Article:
Closer Monitoring

When I prick my finger every morning, the results lately have been better than ever, Usually, down in the 5s and 6s. That’s around 100 mg/dl, not massively higher than a normal value.

However, I had a blood test last week, and the HBA1C was a bit higher than I expected. Only around 70 (mmol/mol) as opposed to my calculated 60. I have two theories on this. Either my method for predicting the value is wrong (not beyond the realms…), or my sugar is going high later in the day, but is settling down again by morning.

On this second,it is entirely possible. I generally only measure myself once per day. I know from the times I have tested myself through the day, that my highest sugar tends to be pre-supper.

I take two doses of insulin per day. Until now, I’ve kept each dose the same. For one thing, it’s just easier that way. And because my blood sugar each morning has been good, I’ve just carried on with this regime. But perhaps my blood sugar during the day is varying more than I think?

I backed this up tonight, when for a change, I also measured my sugar before supper. High.

I think that the total dose must be about right, otherwise I’d notice by the measurements I’m taking already. But I think I need to increase my morning dose by a bit, and reduce the evening dose. Plus, I suppose, I need to measure myself every evening to make sure I find the right balance,

Our Colonial History

I read something by the Irish Post yesterday. Some guy went on to Twitter, along the lines “what has the UK ever done to Ireland, that they feel this way about us?” And, of course, there followed this torrent of abuse. Not at all surprising, the history is widely known in places like Ireland, although British people themselves are largely ignorant. So this guy asked for what he got.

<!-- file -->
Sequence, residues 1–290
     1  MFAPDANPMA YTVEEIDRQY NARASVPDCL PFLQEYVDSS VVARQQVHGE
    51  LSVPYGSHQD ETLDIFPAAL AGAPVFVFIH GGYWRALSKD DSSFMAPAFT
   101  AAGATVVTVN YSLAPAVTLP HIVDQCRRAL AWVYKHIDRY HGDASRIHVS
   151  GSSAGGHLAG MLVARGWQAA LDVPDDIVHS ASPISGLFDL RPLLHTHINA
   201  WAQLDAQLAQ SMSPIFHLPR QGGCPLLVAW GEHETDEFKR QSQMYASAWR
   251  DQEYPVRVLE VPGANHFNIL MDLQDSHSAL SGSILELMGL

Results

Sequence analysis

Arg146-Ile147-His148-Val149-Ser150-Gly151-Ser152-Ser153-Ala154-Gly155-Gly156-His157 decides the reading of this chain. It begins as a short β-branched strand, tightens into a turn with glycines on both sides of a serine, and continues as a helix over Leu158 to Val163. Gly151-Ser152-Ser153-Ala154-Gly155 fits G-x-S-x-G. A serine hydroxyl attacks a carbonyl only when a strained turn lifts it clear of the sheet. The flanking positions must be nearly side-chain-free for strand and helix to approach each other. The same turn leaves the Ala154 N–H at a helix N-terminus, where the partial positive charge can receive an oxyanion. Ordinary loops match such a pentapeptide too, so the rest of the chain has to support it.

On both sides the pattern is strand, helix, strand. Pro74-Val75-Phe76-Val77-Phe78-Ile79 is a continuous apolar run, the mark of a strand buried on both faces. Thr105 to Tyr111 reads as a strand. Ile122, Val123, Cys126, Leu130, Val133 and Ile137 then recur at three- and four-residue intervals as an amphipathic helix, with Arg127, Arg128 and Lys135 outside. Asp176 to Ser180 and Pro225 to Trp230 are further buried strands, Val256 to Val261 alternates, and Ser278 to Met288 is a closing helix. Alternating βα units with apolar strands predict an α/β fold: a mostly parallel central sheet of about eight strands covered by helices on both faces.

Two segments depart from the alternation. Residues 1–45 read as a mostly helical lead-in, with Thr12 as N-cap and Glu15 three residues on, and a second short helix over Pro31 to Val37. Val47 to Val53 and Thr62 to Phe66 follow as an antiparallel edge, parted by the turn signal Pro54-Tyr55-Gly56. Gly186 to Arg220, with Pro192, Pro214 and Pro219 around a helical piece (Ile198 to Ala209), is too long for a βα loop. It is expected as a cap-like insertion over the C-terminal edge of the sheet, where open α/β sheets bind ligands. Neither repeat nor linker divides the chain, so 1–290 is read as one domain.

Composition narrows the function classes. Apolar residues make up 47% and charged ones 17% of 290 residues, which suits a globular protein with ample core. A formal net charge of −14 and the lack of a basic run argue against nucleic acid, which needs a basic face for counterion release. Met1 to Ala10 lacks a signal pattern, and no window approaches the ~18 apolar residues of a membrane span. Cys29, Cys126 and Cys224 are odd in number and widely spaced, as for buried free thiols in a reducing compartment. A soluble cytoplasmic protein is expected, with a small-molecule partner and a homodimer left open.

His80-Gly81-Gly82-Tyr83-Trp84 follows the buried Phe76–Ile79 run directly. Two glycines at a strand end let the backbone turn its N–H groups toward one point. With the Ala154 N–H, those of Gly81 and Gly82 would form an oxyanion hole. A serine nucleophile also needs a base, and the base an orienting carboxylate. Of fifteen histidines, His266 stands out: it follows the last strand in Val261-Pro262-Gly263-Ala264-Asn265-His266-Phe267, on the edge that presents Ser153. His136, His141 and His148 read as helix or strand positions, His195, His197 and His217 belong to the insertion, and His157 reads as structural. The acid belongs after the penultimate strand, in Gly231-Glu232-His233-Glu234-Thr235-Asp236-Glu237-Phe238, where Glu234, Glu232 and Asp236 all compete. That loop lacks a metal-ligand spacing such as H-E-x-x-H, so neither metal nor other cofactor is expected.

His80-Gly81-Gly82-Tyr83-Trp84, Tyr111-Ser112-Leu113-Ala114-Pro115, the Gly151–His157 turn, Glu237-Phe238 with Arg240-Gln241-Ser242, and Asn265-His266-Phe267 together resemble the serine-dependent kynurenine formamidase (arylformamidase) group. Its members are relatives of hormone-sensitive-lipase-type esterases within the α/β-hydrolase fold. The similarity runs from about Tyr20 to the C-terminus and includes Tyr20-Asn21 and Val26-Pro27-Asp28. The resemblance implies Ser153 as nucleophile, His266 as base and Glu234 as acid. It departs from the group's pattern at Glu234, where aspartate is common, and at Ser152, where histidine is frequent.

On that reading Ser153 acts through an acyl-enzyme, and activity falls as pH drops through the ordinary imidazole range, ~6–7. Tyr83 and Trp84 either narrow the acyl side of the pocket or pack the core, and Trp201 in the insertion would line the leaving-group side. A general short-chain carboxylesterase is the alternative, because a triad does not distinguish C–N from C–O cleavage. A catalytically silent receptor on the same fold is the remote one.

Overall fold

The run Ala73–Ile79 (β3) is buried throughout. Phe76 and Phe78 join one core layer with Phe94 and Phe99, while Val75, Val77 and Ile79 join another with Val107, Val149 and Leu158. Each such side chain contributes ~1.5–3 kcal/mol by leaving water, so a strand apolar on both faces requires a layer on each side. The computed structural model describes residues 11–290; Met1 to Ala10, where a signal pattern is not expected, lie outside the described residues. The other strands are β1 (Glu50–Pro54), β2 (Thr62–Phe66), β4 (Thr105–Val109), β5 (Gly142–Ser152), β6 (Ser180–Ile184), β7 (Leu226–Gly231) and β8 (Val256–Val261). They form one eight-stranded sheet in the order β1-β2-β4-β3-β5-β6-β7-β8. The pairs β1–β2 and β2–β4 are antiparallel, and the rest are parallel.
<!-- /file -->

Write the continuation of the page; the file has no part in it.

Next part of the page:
The Irish Post reported it. A British woman herself said that the Irish were “living in the past”, and should let bygones be bygones. There’s a point in that, I suppose. Other people readily reminded this woman that something like the Great Famine was deliberate genocide on the part of the British, but whilst I can have an awareness of the past, I don’t really want it to dictate the future. And, of course, I can widen the argument. Famous examples include the UK’s invention of concentration camps in the Boer War, or of something like the Amritsar massacre. It is one of those subjects where the deeper you dig, the more you uncover. Morants Bay, in Jamaica, for example. Something I learned about during a Black History Month a couple of years ago, was never taught from history books. The only possible conclusion is that the British past is very murky indeed.

That’s really where I feel I’m walking a tightrope. On the one hand, I know that bad things have happened. On the other hand, I, personally, was not responsible for any of them. I can feel that such things were wrong, but I can’t really feel guilt, just basically because these events were nothing to do with me.

I can quite easily take patriotism out of this. One nation controlling another nation is simply wrong, doesn’t matter whether one of them is the UK or not.

But for all I don’t/can’t feel any guilt, I am acutely aware that I have benefitted by events of the past. It doesn’t feel like it but I grew up in Liverpool, surrounded by magnificent buildings from centuries gone by. On the surface, we’re told that the wealth that built these buildings was Liverpool’s seafaring traders, although a fair amount was more bluntly due to slavery. Ill-gotten gains. Things like schools and hospitals, many of which sprang up because of individual benefactors, before the state took over. And don’t let’s forget that the USA was once a colony.

It is indeed a tightrope act. I’m against it, but I’ve benefitted from it. I don’t pretend to have an answer. What do you think?